The election news here is very erratic and like everyone else with a brain, my nervous system is shot at this point. Although it is hard to get the U.S. version of what's going on, we have great coverage of what other countries think about the election and it's very enlightening. Most report that their populace leans toward Obama, with the notable and somewhat bizarre exception of Croatia (!?). All of them hope that the new president will take their needs and concerns into account when making decisions that affect the entire world. Seems like a reasonable request. And an excellent time to elect a good man.
Okay, okay, let me talk about Africa since I'm here and all and that's what the blog is about. (By the way, Africa supports Obama.)
So it is the rainy season here in Uganda and when it isn't raining in torrents, the weather is hot and muggy and full of mosquitoes. Like so many other things here, it reminds me of my beloved New Orleans. There are so many parallels between the two cities that I believe it must account for my feeling so at home here. A city of tropical greenery, sticky weather, huge insects, plenty of corruption, poverty and bad luck, inhabited by the most joyful people in the world - singing, dancing, crying, laughing, celebrating life, no matter how tragic and unfair, at every opportunity. And like New Orleans, it is no place for sissies.
I have found that one of the big problems I have here is not being able to understand the Ugandan accent over my cell phone. It doesn't help that, a) cell phone service is horrible and b) giving your name when you call is just not customary. People will ask how you are, how your family is, tell you how they are and how their families are without ever identifying themselves. I had a ten-minute chat with a woman about her severe urinary tract infection and have yet to discover who I was talking to. Therefore when a man called me on Wednesday last week inviting me to his office, I had no idea who he was and said that I was sorry but I was just too busy to make it. He laughed and said, "Maybe you can try to make a little time to visit the Prime Minister's Office?" And I thought to myself, "Shit."
So on Monday afternoon, one of our staff members and I went to visit the Deputy Prime Minister of Information and National Guidance, a lovely grey-haired man (not something you see here very often with a life expectancy of 41) wearing a Hawaaian shirt and a warm smile. He was eager to learn about BeadforLife's poverty eradication strategy as he has been working on poverty issues in Uganda since colonialism and is always open to new ideas! It was an interesting and enjoyable visit and we agreed to create some type of collaborative effort. I left feeling that I'd been in the presence of someone with a lot to teach me.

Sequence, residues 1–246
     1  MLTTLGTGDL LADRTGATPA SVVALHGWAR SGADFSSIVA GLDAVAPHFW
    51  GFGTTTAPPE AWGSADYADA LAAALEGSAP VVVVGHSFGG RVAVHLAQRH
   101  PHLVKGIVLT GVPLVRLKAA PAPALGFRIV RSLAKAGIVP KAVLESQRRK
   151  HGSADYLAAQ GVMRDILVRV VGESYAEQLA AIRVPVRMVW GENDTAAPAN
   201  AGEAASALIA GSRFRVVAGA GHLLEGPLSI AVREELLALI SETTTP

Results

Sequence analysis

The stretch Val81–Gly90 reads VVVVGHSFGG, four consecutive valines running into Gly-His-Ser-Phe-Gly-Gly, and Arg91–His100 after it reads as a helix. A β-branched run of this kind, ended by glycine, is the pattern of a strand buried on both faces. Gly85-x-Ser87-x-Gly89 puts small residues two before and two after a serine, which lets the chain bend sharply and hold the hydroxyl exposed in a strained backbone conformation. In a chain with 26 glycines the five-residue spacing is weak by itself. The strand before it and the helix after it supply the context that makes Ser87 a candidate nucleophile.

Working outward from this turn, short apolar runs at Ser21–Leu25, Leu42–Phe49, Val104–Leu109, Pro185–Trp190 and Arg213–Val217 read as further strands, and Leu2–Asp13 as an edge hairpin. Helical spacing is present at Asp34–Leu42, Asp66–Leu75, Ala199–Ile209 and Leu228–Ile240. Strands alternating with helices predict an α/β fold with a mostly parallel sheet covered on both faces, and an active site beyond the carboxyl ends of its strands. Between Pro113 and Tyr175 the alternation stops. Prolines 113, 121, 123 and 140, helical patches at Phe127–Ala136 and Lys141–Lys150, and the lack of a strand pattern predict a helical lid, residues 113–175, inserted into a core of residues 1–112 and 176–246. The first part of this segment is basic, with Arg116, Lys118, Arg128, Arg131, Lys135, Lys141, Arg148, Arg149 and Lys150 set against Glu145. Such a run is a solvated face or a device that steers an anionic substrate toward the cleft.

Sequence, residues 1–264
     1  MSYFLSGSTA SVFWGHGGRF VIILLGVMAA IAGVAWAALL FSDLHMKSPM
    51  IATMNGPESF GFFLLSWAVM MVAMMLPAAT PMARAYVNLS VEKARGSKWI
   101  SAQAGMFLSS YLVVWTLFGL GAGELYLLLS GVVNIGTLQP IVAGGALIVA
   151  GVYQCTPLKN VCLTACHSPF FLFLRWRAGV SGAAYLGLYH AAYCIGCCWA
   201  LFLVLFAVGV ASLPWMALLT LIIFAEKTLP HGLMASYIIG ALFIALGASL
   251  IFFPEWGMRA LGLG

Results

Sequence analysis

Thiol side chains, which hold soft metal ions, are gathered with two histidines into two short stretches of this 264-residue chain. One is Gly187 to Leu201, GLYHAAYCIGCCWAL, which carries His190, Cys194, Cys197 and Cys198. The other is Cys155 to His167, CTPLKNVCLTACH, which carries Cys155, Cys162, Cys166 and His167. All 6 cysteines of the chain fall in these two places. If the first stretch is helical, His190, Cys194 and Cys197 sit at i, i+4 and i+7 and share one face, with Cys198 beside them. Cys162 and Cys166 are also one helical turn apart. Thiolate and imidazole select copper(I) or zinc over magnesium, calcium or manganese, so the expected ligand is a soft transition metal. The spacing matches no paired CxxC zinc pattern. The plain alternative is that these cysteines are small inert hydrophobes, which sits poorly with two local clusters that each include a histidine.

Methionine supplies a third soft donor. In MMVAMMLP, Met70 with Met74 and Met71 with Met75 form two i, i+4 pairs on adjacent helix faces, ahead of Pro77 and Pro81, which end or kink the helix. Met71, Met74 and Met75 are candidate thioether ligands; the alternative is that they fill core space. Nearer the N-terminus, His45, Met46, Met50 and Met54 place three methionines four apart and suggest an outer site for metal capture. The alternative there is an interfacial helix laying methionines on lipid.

The very next day, I had a visit from another venerable Ugandan elder - a doctor who came by to learn about the BFL program and see if it could be adapted to the work he is doing in the Nairobi slums. He was excited about the model we're using but both he and his assistant insisted that Kampala did not have slums... at least not in comparison to Nairobi! I had heard this before but have had a hard time believing it. Apparently it is the size and density of the Nairobi slums that make them some of the world's worst. They invited me to come visit for a weekend and see where they were working and what they were doing there and I will definitely take them up on it.
It's been a great honor for me to listen and learn from those who've been working on Africa's poverty for many, many years. The complexity of the issues are staggering, the depth of the problems daunting. But great progress has been made by these men and by many more African men and women like them. I am convinced that their greatest gift is their refusal to give up. No one ever talks about "burn-out." The passion they have for their work and the vision they hold for a progressive, economically healthy Africa erases any tendancy towards feeling overwhelmed or hopeless.
There is a third man I have had the honor of knowing here. He is a former Ugandan policeman who was fired years ago when it was discovered he had AIDS. His wife is deceased and he is supporting six children on the small salary he gets driving for BeadforLife. He is very quiet, impossibly thin, and deeply dignified. I enjoy our rides together. Sometimes he tells me about Uganda and sometimes we say nothing at all. Again, he makes me feel as if I'm in the presence of one of my life's teachers. In spite of the dignity and serenity he exudes however, Mr. Edward's driving is appalling. I am always amazed at the way he stubbornly pushes his way through ridiculously packed traffic, at an alarming rate of speed, confident that other drivers will slow or stop for us. And they always do for some reason.